GREENFIELD — Students at Harris Elementary School were hard at work Wednesday morning – though many of them didn’t even realize it.
They leaned in close over board games and reached excitedly for the dice when their turn came around. They lined up eagerly to go to the computer lab, then peered with keen interest into computer monitors bearing colorful pictures and stories.
Summer school kicked off in two school districts throughout the county this week. Elementary school students in both Greenfield-Central and Mt. Vernon schools will be spending the next few weeks getting some extra help from teachers who are hopeful the remediation will prepare them to move forward while energizing them about learning. Students at the junior high and high school level will spend their time working ahead, hoping to make their schedules lighter by getting some coursework out of the way while school is out of session.
Southern Hancock students start summer school Monday. Eastern Hancock is not holding classes this summer.
At Greenfield-Central, summer school remediation on the elementary level is dedicated solely to students who failed the critical IREAD-3 test, which measures reading skills and determines whether a student is prepared to move on to the fourth grade.
The stakes are high: The majority of students who fail the test a second time after the three-week remediation will be retained. There are some exceptions made for those in special-education programs.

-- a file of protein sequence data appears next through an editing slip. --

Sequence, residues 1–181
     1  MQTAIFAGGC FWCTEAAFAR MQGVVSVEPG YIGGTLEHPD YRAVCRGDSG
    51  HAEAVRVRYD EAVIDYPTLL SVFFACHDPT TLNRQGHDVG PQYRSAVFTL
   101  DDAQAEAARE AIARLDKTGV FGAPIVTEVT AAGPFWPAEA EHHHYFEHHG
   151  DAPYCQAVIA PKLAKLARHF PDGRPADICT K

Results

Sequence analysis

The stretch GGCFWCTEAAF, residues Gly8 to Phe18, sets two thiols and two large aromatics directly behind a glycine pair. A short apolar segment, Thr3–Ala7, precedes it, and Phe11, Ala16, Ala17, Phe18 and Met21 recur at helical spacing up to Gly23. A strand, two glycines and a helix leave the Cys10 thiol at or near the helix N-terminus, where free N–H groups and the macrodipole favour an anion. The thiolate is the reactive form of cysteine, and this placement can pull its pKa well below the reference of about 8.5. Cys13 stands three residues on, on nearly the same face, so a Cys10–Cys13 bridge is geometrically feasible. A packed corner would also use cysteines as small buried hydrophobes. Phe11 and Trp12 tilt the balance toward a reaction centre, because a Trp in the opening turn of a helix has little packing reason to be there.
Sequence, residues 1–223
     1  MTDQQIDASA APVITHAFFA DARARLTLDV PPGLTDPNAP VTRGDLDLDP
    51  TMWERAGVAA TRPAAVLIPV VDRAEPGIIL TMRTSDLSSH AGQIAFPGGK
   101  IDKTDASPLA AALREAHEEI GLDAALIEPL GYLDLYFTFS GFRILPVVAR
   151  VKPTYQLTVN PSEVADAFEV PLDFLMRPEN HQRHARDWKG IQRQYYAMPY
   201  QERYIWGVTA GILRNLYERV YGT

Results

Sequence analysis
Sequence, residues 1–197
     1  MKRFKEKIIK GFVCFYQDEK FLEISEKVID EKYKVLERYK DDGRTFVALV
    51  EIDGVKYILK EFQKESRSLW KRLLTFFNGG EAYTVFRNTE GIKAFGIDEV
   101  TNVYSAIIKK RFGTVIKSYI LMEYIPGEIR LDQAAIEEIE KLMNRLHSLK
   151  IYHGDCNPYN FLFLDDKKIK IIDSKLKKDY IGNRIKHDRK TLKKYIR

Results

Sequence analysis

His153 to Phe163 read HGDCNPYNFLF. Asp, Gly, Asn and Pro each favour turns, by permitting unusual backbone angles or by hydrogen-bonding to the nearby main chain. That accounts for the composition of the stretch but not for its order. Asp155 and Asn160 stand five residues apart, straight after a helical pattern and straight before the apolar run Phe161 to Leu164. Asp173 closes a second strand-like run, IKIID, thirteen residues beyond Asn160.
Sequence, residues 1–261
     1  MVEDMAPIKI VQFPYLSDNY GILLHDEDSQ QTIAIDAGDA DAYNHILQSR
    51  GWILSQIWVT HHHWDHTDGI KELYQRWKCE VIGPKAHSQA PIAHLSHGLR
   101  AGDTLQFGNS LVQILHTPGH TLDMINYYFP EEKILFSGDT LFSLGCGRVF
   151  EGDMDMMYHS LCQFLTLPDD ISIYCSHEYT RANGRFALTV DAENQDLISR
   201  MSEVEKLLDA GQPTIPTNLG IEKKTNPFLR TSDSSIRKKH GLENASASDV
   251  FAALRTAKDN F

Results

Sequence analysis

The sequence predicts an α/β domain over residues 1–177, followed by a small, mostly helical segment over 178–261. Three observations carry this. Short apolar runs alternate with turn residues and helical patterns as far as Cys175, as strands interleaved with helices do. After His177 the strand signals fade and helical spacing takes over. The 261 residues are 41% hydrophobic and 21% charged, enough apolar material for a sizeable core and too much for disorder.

But teachers work hard to keep the process from being too intimidating, Harris Principal Jan Kehrt said Wednesday. They plan fun activities and make sure the students’ tasks are varied so they don’t lose interest.
“It is really neat … because the children come out and say, ‘Oh, that went so fast,’” Kehrt said. “They’re engaged, and they’re excited about it.”
Marti Dudley, one of Greenfield-Central’s literacy coaches who are teaching summer school this year, said the children start the program somewhat apprehensive. They already know they have failed a test that many of their classmates passed, and that can be intimidating.
“We kind of let go of it,” Dudley said. “I really see this as ‘show what you know.’ I want to bring out the positives.”
Part of the process is also about building confidence, a process that is easier in a smaller classroom of students who are on a similar level.
“They’re really not competing against each other,” Kehrt said. “They’re bettering themselves.”
The best part is when they have fun doing it.
Wednesday morning, 10-year-old Jerry Thompson huddled over a board game similar to Scrabble, trying to decide which word he could spell next.
“Matthew’s still in the lead!” he declared.
“Ooh, I can spell ‘cat,’ ” Matthew Polk chimed in, examining the letters in front of him.
Some of the three-hour day will be spent doing straightforward reading exercises, Dudley said, but students will also be encouraged to discover other places where their reading skills come in handy.
That can be on anything from a game card to a dinner menu.
“We give them opportunities to experience reading in different ways,” she said. “Every day, I kind of increase the difficulty, so they can continue to see that success.”